The mobility of people within the European Union has increased massively in recent years. For example in 2020 there were 13.5 million Europeans living in a different EU country from their nation or origin. Consequently, it has been necessary to establish and ensure efficient cross-border healthcare for all citizens within the European Union.
In the next few years an organisation called the European Health Data Space (EHDS) will play a major role in this context, by facilitating the exchange of health information across borders, in a secure and integrated way. At the heart of the EHDS is the exchange of health information throughout the EU.
Two cross-border infrastructures of the European Health Data Space : MyHealth@EU, which is already operational, and HealthData@EU will play a key role in this process.
In Brussels we met with an eHealth expert, Licínio Kustra Mano, an Information Systems Agent, and Directorate-General for Health and Food Safety in order to understand their impact for health systems and patients.
"MyHealth@EU enables health professionals to access essential information (across borders); for example, a pharmacist will need to access prescriptions issued in another country, a doctor in a hospital will need to have access to some essential information like allergies, vaccination records, past illness or current medication".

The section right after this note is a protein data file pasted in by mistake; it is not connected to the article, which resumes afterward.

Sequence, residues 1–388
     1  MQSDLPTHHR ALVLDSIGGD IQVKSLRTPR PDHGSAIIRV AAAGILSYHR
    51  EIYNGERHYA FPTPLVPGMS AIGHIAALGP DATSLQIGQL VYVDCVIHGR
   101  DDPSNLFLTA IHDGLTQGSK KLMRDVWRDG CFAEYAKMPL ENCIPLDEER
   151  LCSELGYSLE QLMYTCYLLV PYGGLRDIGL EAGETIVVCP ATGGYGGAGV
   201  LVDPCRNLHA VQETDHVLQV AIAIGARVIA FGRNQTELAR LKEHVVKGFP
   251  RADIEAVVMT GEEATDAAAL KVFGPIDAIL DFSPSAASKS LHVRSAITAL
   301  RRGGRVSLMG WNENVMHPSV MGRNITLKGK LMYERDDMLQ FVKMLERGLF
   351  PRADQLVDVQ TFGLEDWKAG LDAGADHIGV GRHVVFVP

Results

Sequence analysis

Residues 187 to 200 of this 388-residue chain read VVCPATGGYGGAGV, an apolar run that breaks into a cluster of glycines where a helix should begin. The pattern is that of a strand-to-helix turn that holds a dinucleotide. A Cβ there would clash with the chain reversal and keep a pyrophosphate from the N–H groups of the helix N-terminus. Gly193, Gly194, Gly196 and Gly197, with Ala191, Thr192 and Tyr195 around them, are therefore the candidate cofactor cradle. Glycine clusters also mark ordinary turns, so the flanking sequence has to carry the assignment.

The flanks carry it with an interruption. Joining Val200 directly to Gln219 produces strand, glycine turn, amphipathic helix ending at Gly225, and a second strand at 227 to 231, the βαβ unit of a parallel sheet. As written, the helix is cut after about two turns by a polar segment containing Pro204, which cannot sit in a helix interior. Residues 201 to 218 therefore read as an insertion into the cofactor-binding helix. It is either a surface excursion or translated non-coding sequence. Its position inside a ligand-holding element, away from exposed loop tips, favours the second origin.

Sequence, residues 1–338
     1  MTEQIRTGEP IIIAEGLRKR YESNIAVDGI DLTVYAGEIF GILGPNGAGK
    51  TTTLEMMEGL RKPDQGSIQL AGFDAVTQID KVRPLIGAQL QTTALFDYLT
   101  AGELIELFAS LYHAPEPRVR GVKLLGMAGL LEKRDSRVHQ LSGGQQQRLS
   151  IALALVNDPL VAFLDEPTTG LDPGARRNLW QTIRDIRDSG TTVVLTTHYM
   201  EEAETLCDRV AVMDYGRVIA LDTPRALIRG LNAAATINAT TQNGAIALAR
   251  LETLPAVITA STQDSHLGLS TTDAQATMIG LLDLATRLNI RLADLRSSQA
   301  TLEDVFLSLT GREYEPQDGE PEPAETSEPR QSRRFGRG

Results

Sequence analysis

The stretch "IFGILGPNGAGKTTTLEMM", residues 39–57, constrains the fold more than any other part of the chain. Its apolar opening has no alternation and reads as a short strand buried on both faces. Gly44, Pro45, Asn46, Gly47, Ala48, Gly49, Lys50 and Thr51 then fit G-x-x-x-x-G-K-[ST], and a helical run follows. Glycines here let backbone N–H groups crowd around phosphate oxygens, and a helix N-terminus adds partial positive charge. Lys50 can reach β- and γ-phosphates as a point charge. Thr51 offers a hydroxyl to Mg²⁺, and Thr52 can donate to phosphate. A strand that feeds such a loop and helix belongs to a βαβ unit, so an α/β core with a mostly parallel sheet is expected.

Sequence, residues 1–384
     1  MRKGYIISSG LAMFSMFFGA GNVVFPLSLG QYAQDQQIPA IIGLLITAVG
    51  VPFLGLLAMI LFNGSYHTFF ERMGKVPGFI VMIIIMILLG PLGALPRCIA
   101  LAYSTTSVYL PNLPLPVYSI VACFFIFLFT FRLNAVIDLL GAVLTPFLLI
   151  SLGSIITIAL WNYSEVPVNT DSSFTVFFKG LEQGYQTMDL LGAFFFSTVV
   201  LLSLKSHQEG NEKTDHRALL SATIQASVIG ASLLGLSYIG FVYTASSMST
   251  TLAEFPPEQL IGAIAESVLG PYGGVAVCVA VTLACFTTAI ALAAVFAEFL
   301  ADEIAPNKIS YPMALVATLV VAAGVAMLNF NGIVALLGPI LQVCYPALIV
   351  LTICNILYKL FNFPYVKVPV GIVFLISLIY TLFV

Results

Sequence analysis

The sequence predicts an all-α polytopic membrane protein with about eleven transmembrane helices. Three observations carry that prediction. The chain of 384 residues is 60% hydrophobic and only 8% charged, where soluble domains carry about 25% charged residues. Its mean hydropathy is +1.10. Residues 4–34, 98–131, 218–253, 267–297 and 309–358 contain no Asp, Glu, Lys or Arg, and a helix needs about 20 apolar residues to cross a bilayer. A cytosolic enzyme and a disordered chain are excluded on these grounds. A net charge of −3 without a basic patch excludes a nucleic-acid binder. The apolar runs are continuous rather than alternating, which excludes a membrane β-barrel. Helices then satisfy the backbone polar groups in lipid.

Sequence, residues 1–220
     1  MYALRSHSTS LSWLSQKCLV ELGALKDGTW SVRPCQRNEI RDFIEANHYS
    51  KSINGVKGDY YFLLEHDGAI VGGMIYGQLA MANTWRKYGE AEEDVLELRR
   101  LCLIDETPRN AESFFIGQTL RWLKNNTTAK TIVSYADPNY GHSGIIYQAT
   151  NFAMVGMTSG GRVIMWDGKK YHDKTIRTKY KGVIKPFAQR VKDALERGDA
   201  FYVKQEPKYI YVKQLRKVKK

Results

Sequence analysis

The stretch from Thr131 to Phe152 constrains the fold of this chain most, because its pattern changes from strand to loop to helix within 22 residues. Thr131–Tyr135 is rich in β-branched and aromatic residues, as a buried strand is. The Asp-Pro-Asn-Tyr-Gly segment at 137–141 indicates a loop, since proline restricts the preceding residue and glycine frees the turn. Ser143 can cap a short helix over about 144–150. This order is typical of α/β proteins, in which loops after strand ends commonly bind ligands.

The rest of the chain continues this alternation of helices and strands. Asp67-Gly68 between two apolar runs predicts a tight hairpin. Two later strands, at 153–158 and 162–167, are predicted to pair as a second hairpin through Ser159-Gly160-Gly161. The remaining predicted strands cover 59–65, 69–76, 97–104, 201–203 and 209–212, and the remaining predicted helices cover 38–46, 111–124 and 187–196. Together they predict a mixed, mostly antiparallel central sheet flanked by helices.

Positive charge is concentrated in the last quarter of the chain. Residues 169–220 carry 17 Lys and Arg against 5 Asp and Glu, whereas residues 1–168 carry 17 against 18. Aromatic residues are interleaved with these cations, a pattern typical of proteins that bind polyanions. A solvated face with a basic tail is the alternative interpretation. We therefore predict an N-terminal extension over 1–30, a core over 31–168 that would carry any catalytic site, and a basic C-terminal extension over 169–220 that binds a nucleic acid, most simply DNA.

Medical records are translated into the healthcare professional's language. This allows any European citizen travelling through the European Union to receive care as if they were in their own country.
Under MyHealth@EU, the access to health data is possible through the National Contact Points (NCP), which will be gradually set up in all Member States, and the European Coordination Services, that harmonise data exchange between nations.
MyHealth@EU services, such as ePrescriptions and Patient Summary, are already available in 10 European countries. In the coming years both services will be gradually implemented across the European Union.
A pilot version of HealthData@EU is going to be set up over the next two years, to test, on a small scale, the challenges surrounding access to health data.
The Paris based Health Data Hub, leads the consortium that will operate the pilot project. This French public agency, specialises in health data management, and has developed the architecture of an ecosystem where patient information can be accessed under very high security and privacy standards.
Finland is another member of this consortium. Findata, the national data authority for the healthcare sector, brings a deep experience about guidance and protection on the secondary use of health data in the context of public interest projects.
Creating such a robust and outstanding technological environment of security and data protection, is of paramount importance and will play a crucial role in gaining the trust of EU citizens, and consequently, their willingness to share health information.